Fewer human entanglements resulted in a good year for grizzly bears around the greater Yellowstone ecosystem.
On Wednesday, biologists from three states and two national parks presented some good news on grizzly bear conflicts and population estimates during a public meeting of the Yellowstone Ecosystem Subcommittee of the regional Interagency Grizzly Bear Committee. Around 30 scientists from various agencies and representatives of several environmental groups were in attendance.
All made the point that every year is different but this year seemed to be a good one.
Idaho biologist Greg Losinski said it appeared that education efforts were making people more bear-aware, so they were leaving less food out and avoiding potential conflict situations.
Wyoming had the most conflicts – 134 – but biologist Dan Thompson said that was fewer conflicts than in the past.
The biggest problem in Wyoming is livestock damage – Wyoming Game and Fish handled 109 livestock-related complaints, Thompson said.
Of the 16 bears deaths they recorded, Wyoming biologists killed nine for management reasons. Seventeen bears were relocated.
Fish, Wildife & Parks biologist Kevin Frye said Montana recorded 67 conflicts this year. That’s more than the 10-year average of 60 but not much more, Frye said.
The main issue in Montana appeared to be apples, not garbage, Frye said. Apple trees were responsible for two-thirds of the 23 incidents involving food.
“In more populated areas where trapping isn’t recommended, electric fences are probably the best tool we’ve got going,” Frye said. “I think we had only one actual garbage conflict.”
Montana has less of a livestock problem, although there were 14 livestock incidents that were almost equally split between cattle and sheep.
Cars struck two of the five bears killed in Montana.
Only 15 conflicts occurred in Idaho. Yellowstone Park had seven, and Teton Park had none.
With lower mortality, the grizzly bear population did well, in spite of a year when most grizzly bear food supplies were low.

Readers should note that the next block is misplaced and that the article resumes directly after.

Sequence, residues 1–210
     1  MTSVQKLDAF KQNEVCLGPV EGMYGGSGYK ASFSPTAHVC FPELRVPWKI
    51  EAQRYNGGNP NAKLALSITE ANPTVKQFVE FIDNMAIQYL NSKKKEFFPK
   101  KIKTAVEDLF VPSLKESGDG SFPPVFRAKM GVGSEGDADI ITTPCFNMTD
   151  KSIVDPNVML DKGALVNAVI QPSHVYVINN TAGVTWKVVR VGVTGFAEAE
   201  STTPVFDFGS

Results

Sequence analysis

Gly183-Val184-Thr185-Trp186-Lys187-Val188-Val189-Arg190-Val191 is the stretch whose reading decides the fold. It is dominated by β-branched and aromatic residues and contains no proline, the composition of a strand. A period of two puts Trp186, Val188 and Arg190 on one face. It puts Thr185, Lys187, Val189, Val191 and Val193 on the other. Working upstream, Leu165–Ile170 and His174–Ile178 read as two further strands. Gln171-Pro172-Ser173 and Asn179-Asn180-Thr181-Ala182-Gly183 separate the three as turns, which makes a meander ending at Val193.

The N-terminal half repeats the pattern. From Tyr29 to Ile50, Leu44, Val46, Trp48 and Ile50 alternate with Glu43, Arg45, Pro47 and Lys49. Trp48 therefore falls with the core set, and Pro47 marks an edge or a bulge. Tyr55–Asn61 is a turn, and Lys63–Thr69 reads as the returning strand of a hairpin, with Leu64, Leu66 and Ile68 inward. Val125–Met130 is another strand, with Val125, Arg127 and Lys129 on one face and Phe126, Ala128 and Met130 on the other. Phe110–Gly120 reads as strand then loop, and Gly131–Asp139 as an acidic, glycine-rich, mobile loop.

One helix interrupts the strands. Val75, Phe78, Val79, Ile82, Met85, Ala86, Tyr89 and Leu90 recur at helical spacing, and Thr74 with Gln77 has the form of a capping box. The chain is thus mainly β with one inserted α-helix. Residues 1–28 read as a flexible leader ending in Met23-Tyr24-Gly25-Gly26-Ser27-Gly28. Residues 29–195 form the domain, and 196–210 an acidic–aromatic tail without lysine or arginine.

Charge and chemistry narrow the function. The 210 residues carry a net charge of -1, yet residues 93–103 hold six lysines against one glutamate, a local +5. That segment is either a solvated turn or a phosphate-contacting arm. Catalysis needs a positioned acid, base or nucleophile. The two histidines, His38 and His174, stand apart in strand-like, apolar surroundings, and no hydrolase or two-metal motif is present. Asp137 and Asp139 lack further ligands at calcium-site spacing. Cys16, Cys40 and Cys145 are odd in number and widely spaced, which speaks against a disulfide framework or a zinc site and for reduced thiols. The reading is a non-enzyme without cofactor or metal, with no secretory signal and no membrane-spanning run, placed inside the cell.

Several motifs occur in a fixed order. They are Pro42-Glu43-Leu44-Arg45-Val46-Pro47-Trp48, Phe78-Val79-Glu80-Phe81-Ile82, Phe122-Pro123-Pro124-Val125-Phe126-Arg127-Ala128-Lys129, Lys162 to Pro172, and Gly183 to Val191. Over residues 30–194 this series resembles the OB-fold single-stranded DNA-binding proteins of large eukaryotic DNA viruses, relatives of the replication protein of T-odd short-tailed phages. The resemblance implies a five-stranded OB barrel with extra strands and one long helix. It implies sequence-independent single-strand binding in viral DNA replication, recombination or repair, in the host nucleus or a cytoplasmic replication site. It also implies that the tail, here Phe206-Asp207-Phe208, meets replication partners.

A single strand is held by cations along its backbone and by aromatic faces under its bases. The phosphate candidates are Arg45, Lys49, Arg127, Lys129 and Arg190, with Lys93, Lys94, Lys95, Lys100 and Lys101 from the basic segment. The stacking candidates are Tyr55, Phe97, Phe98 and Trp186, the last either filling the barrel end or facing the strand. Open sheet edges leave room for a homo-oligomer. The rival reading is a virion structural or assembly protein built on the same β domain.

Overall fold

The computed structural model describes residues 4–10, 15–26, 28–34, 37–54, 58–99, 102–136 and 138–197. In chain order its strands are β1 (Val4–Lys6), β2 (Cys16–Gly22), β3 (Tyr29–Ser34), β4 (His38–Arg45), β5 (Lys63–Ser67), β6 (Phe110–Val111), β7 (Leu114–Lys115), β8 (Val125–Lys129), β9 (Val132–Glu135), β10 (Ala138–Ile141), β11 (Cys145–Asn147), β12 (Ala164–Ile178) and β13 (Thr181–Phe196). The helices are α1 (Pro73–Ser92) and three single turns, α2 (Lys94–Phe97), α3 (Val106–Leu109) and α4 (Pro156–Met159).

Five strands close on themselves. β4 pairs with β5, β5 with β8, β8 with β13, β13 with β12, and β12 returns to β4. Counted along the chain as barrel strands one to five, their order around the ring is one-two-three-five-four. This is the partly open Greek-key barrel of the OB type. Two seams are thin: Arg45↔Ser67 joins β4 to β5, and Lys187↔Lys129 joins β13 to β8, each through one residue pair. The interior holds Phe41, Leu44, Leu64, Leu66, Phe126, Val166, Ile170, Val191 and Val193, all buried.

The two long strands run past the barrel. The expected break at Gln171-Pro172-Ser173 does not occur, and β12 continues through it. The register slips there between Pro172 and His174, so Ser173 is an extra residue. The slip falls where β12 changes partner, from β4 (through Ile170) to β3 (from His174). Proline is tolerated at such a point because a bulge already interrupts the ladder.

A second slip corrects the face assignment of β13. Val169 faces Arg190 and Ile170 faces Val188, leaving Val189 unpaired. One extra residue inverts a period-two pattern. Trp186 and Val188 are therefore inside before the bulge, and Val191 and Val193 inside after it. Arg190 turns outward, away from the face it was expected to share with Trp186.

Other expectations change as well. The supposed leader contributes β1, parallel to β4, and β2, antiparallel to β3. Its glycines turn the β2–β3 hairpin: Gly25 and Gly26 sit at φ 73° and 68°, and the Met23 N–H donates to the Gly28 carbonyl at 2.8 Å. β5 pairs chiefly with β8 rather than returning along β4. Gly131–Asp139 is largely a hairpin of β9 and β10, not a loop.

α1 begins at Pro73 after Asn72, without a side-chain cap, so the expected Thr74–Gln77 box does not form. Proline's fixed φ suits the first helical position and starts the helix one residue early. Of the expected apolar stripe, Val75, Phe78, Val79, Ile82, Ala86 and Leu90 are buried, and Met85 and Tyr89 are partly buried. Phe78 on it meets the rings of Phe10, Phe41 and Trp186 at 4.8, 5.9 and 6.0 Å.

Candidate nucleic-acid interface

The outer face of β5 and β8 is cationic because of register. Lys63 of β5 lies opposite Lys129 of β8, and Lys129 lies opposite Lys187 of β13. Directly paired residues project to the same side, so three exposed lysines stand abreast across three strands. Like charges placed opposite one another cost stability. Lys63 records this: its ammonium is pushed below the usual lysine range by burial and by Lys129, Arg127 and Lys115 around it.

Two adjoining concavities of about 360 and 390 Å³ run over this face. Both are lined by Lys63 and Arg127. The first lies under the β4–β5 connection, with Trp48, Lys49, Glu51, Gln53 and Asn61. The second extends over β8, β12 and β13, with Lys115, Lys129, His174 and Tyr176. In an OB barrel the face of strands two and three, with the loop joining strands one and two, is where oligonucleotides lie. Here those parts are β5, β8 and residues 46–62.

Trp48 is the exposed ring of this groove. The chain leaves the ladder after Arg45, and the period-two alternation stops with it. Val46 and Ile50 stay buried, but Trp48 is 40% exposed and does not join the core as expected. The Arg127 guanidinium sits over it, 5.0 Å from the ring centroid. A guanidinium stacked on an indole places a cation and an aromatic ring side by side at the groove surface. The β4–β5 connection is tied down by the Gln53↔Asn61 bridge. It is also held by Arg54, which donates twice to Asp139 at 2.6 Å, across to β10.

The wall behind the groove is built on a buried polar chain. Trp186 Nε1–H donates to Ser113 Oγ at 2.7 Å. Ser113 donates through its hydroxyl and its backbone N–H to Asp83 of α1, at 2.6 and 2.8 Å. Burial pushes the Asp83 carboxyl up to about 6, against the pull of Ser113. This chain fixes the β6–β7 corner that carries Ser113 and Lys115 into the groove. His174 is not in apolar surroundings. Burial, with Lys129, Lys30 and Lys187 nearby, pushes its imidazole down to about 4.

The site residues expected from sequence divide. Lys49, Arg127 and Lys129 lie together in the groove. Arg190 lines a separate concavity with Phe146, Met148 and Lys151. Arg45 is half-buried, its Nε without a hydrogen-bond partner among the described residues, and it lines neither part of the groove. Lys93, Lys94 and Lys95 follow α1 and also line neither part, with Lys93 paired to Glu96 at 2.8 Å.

Fewer animals died this spring so fewer carcasses were available for bears to plunder, said U.S. Geological Society biologist Mark Haroldson. Lake trout in Yellowstone Lake are still squelching the native cutthroat trout, a favorite bear food.
Finally, last fall produced few whitebark pine cones, so mother bears couldn’t fatten up on them before entering hibernation.
But it turned out to be a good year for cubs.
The IGBC uses aerial surveys to track population size, and this summer, within an area of more than 19,000 square miles in and around Yellowstone National Park, biologists counted 58 females with around two cubs each.
Biologists plug this number into a model to estimate the overall population, which turns out to be 629 grizzly bears.
However, the IGBC wants to change the model to reflect a better survival rate of females, based upon measurements of the past decade. Using the new model, this year's population estimate would jump to 741 grizzly bears.
U.S. Fish and Wildlife Service biologist Chris Servheen said he expected the new criteria to be finalized in early 2014.
But not all are in agreement with the assumptions behind the new model, which could have an effect on delisting of the grizzly bear under the Endangered Species Act. Opponents point to a published scientific paper by Daniel F. Doak that questions some of the statistical assumptions of the model.
USGS scientist Frank van Manen told Wednesday’s audience that he had submitted a rebuttal to Doak but couldn’t discuss it because it was still being reviewed.
Louisa Willcox of the Center for Biological Diversity said her main issue was that the IGBC wouldn’t release to the public the data it used to develop the model, so there was no way to verify the choice of criteria.
“Where’s the data and why can’t we have it?” Willcox said. “The public deserves to know how they got there.”